These are in fact the questions that I had prepared for the Complementary program of 15 days ago (see: https://www.econologie.com/forums/complement ... t3072.html )
1) Humanity has consumed about as much Oil since 1980 as before 1980 and consumption is accelerating. Planetary inertia is estimated to be around 20 years. We are therefore only at the very beginning of the phenomenon of global warming, is it not urgent to seriously address the resolution of the problem (ca.d otherwise than by studies and symposia which
characterize the climate problem)?
2) Why has there been (and still is) such a flippancy and inability to recognize the responsibility of man for global warming?
3) What is the capacity of carbon capture / absorption by the terrestrial ecosystem compared to our fossil emissions? Can this fixation be accelerated durably (the
reforestation is very limited because it is limited to the growth of the tree)?
4) In constant 2004 dollars, the sale of crude oil brought in more than 40 billion dollars from 000 to 1920, including 2006 in the last 30 years. This figure only takes into account the
sale of crude oil (and therefore in no way the creation of wealth that has allowed the exploitation of this crude oil). The $ 5500 billion of the Stern report published last fall aren't they
ridiculous in comparison? Especially since the figure of 40 MM will be greatly exceeded during the 000st century due to the increase in demand.
5) The increase in crude prices tends to develop alternative energy solutions but also to make profitable oil exploitation which was not (or no longer) before. This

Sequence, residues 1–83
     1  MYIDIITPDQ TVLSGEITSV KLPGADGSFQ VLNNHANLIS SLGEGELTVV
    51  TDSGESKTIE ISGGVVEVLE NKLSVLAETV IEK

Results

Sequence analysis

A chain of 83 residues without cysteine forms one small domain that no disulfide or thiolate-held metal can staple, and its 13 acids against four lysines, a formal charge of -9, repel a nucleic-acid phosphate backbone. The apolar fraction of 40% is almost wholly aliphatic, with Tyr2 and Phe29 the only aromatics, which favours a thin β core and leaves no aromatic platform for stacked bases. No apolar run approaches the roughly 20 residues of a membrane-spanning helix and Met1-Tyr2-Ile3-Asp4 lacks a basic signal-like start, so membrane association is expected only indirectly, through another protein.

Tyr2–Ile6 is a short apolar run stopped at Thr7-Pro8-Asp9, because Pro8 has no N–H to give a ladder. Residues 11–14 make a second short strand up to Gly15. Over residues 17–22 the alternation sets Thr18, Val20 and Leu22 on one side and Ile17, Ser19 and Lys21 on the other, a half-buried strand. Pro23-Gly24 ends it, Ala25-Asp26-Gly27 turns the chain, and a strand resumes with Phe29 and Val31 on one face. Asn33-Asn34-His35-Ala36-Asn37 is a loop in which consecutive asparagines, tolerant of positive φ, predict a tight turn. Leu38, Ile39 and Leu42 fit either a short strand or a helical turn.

Isn't it paradoxical in the fight against the greenhouse effect? What are the possible economic alternatives?
6) Is public subsidization of renewable energy materials really the right solution? It biases profitability calculations, allows control of market growth and in some cases, overcharging of equipment (a large part of the premium going directly into the seller's profit). Wouldn't it make more sense to subsidize industrial research for truly profitable energy solutions?
7) Political ecology is guilty. Many people turn their backs on ecology for this reason. Isn't it time to change this behavior by no longer blaming polluters but by
rewarding environmental efforts (at all levels of our society).
8) Do the actions of the environmental activists not do more wrong than anything else in the defense of the environment in public opinion?
9) Could our generation be accused of crimes against humanity (or the environment) by future generations?
10) The Permian extinction is the greatest mass extinction that the Earth has known: 95% of marine species and 70% of terrestrial species have disappeared. Studies have shown that it would have been initiated by natural releases of greenhouse gases in large quantities during a very short geological time. Is it conceivable that man has started a mass extinction
11) How can the influence and the economic weight of fossil fuels be reduced as quickly as possible?
12) The State launches awareness campaigns against global warming, but it disadvantages eco-responsible behavior. Example: does it make sense to subsidize solar panels when business trips are largely tax exempt?
13) Can you estimate the human and animal cost for 2050 and 2100 of global warming? Order of comparison with the wars of the 20th century?
14) Does the end of the massive exploitation of fossil fuels not mean the end of capitalism as we know it? Isn't it time to prepare for this shock by starting to
think about a more “econological” society?
15) Can we trust the big car manufacturers to fight against the greenhouse effect? The average mass of the vehicles increases, their lifespan of the vehicles decreases and especially the
park is just growing. What should we think of their behavior with regard to biofuels in the short cycle (pure vegetable oil)?
Some of these questions could be retained to make the 1st CyberEconoAction? What do you think?